1150 Troubleshooting

1150 Troubleshooting
1150 Troubleshooting
Most of the problems associated with sampling valves are related to peak
broadening in transfer lines and inlets, sample adsorption by the valve or
transfer lines, leaks, and perturbations in the baseline.
Chromatographic symptoms
Troubleshooting valves and their related plumbing is primarily a matter of
systematic checking and verification of unimpaired mechanical operation of
any moving part. This requires an understanding of how the valve functions
internally and how the plumbing is configured. A plumbing diagram is
essential for effective troubleshooting.
The following “symptom-cause” list gives the most commonly encountered
problems found with valves and their solution.
Table 1150-1
Troubleshooting valve related chromatographic problems
Possible cause
Lost peaks (degradation)
Valve or transfer lines too hot
Reduce temperature 50°C, reevaluate
Transfer line activity
Use nickel or Hastelloy tubing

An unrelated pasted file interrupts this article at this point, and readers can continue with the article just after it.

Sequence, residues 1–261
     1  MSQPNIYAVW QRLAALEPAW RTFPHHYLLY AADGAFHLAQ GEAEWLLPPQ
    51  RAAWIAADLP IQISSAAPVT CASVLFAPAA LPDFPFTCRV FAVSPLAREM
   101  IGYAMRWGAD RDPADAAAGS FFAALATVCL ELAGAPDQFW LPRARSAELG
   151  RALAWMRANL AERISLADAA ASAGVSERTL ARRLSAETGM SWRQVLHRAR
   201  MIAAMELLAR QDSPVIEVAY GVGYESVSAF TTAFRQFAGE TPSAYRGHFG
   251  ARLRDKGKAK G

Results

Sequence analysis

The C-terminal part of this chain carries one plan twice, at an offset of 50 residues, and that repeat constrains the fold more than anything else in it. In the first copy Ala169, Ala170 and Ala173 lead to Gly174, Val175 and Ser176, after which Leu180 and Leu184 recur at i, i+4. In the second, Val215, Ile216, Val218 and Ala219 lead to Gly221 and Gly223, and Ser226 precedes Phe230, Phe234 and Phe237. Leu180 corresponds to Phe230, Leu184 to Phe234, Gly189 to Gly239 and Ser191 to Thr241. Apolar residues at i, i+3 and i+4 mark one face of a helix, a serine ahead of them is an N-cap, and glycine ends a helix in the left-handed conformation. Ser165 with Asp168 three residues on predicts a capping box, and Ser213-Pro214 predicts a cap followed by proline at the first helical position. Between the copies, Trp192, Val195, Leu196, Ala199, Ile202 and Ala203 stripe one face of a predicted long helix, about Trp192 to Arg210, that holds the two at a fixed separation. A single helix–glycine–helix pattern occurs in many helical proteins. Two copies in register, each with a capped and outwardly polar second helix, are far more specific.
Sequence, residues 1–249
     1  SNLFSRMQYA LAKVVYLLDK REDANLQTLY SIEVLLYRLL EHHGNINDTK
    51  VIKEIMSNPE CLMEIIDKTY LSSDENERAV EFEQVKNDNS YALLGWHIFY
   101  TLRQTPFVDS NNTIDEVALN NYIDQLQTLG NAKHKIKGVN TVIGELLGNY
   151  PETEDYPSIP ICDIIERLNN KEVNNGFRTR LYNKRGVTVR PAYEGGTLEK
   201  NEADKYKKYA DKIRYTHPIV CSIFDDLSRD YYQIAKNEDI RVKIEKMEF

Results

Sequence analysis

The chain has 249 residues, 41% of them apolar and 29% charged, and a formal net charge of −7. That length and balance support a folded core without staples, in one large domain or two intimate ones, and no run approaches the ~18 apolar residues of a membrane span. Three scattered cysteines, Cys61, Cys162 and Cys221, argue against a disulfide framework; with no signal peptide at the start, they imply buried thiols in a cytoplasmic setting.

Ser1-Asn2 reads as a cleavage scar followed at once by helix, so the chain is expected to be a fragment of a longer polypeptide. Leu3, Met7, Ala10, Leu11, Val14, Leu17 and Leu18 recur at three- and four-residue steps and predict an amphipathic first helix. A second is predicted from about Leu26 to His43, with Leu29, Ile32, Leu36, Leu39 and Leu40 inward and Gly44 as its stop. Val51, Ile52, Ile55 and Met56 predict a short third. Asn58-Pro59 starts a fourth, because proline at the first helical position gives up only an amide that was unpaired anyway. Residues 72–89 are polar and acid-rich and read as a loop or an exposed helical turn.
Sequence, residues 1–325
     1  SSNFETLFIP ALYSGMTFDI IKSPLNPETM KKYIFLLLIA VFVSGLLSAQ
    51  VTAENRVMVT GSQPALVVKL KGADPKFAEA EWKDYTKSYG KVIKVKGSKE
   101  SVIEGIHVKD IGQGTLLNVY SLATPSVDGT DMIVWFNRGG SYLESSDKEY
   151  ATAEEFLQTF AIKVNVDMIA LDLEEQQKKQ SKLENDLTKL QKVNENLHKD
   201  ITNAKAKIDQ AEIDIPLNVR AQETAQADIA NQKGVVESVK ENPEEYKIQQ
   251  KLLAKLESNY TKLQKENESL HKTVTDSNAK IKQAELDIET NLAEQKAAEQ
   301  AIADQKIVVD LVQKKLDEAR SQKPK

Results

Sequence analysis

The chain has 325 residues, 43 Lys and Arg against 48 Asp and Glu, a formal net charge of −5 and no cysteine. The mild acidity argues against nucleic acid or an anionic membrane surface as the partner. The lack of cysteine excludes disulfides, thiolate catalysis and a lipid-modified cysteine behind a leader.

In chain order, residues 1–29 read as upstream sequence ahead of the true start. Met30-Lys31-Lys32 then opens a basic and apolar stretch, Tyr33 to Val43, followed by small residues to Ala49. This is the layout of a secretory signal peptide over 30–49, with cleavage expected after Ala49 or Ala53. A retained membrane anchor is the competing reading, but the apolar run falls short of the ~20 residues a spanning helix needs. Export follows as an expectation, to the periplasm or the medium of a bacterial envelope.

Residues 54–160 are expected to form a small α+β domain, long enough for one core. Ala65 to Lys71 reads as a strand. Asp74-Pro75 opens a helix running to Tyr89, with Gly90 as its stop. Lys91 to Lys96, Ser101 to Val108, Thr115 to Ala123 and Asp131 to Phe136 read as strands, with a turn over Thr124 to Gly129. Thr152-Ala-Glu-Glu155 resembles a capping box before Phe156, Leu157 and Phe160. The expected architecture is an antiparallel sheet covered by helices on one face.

Lost or tailing peaks
Valve or transfer line too cold
Increase temperatures 50°C, reevaluate
Baseline perturbation
Slow valve rotation
Increase actuator pressure
Rotor distorted
Replace rotor
Sample/column pressure too
Add back-pressure regulator to sample
Column overload
Use smaller sample loop
Increase split flow
Flow too slow
Increase column flow
Increase split flow
System voids
Check connections
Reduce volume of connecting tubing
Peak tailing broad peaks
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Chromatographic symptoms
Loss of sensitivity or excessive drift
Several possible causes exist for overall deterioration of the chromatogram.
Contamination in the valve requires a thorough cleaning.
Internal leakage requires a complete disassembly and inspection of the
mating surfaces.
Poor temperature control may require a full check of electronic and
thermal components.
Lack of proper conditioning techniques, columns, etc.
Failure or deterioration of other components (columns, detectors, etc.).
Loss of peaks in specific areas of the chromatogram
Entire sections of chromatographic data can be lost due to a valve that does